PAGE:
Shot 1 – was very bog standard – wide, capturing the whole scene and very much the typical sunset type of photograph. It was my shot in the can, if you like; something to have that could probably be worked on a little in post.

Shot 2 – was cropped in a little, by zooming to a longer focal length and focused on the background. I felt that was a better composition. With landscapes, it’s easy to stay with the grand vista, but there is often great merit in homing in on a specific feature, or aspect of the scene.

Shot 3 – the one above. This time I decided to keep the same basic framing as shot 2 but this time to focus on the grasses in the foreground and throw the wider “grand vista” out of focus. I’m pleased with it as the grasses make for a good point of interest, provide a leading line and frame the highlight on the water.

All of the processing was done in Lightroom with the intention of using as light a touch as possible, which consisted of a slight warming of the colour temperature and some minimal and local highlight dampening.

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This photograph is available to buy as a print from my website.  Sales allow me to keep doing what I do.

Be inspired and keep those shutters firing.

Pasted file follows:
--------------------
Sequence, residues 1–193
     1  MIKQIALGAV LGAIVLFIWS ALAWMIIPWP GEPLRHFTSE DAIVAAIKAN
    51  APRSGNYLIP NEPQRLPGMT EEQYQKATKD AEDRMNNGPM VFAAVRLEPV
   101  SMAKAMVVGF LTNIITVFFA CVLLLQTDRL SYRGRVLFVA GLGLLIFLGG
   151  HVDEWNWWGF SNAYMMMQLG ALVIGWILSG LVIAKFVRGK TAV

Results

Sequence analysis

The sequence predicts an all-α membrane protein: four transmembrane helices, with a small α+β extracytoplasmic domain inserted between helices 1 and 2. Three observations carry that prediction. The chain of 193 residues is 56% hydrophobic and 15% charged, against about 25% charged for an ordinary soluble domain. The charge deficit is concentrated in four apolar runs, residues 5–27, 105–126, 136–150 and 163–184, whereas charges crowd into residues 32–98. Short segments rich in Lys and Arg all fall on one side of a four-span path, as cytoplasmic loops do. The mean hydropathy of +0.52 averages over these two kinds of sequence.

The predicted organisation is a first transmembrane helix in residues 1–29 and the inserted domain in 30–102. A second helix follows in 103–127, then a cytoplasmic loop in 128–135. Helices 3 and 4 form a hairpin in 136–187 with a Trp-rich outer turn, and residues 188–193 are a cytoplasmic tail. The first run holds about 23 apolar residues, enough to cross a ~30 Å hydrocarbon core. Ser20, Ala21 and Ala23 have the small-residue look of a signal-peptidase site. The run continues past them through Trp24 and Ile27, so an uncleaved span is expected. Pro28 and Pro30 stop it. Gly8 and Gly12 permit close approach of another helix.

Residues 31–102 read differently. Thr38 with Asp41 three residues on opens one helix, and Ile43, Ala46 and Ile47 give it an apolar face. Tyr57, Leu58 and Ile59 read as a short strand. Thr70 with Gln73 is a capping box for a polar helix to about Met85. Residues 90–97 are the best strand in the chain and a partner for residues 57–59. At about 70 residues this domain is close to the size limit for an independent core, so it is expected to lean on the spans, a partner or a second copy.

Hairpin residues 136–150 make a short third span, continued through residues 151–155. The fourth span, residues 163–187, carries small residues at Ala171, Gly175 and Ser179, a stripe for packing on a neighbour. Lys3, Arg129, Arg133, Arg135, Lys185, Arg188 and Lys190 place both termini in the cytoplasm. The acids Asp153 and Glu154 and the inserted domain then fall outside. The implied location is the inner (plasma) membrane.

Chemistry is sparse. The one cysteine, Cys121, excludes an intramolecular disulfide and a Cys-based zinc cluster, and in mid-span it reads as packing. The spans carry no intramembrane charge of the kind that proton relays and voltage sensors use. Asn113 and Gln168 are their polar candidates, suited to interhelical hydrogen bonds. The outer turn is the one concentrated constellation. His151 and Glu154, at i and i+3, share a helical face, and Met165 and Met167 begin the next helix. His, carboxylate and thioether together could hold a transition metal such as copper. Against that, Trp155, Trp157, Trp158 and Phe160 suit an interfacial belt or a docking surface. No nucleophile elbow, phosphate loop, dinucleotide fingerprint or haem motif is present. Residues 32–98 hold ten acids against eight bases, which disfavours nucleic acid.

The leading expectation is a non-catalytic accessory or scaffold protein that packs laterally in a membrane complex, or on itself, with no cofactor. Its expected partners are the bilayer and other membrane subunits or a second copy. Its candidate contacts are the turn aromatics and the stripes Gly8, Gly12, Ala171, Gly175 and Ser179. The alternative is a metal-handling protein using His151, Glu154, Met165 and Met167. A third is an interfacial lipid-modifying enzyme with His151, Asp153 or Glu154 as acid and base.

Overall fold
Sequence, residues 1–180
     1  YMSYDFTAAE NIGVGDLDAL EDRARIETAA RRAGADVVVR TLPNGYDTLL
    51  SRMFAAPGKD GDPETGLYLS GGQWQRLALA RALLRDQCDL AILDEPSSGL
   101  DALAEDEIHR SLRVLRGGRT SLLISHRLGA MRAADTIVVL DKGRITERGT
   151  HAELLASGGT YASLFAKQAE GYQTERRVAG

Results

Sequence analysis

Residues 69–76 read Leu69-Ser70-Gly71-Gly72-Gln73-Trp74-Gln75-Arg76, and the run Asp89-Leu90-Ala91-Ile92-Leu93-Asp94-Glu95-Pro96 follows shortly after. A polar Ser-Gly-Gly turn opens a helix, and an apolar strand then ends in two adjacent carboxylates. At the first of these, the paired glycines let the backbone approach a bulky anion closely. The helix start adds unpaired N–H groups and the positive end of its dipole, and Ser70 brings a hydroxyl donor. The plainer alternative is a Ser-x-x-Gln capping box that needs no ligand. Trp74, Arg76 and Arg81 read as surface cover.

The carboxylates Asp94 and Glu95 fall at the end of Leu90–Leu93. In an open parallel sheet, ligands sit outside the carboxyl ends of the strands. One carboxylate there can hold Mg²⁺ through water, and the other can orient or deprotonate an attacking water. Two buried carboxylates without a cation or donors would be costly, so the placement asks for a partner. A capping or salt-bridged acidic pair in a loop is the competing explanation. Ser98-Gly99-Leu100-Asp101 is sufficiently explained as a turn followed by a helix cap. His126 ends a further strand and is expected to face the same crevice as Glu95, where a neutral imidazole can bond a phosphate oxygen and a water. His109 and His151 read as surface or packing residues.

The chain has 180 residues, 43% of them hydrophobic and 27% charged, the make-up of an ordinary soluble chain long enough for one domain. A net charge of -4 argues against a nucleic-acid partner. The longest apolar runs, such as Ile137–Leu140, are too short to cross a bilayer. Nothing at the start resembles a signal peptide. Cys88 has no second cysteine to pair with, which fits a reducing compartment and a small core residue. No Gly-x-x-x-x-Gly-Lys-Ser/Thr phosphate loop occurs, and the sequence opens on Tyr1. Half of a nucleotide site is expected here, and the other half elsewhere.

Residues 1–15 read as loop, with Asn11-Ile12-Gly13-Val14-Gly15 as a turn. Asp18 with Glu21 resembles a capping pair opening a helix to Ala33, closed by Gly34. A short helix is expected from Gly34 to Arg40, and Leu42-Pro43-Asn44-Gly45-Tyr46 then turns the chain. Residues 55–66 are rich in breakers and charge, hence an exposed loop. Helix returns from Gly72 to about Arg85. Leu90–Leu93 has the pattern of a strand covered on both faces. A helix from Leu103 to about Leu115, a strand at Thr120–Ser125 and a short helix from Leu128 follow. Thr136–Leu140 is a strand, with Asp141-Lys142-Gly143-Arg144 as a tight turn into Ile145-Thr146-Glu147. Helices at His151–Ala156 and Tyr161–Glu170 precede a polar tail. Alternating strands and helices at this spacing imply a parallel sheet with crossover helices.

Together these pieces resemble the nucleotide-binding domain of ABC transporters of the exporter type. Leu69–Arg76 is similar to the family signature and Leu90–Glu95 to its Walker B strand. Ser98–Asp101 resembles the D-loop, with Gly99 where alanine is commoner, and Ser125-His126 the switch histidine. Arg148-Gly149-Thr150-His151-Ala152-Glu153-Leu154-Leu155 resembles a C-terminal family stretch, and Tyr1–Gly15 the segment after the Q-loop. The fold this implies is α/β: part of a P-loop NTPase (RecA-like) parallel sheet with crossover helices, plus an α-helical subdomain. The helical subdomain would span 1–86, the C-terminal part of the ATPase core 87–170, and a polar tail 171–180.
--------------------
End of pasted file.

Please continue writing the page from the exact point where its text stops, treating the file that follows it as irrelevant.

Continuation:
Changing your point of view

When you are prepared to change your point of view, things sometimes just look better.

“Better”, of course, is subjective and what I think is better, someone else might not. The point, photographically, is that it’s always worth scouting around a subject and not just accepting the first view offered. To illustrate this, here’s an example.

Recently my wife and I were exploring the East Neuk of Fife and we had parked by the harbour in Anstruther. As we walked towards neighbouring Cellardyke we were faced by this intriguing sculpture virtually on the border between the two towns and giving a clear indication of their fishing tradition.

sculpture of fish, nets and boats

A fishing heritage

This photo was taken exactly in the direction we were facing as we approached. My concern at the time was to try to frame the shot so that the fish were nicely contrasted against the white wall of the house behind. Fair enough, but at the time I thought, “pretty standard stuff”. It shows context and is maybe the kind of shot that would make it into a brochure advertising the area.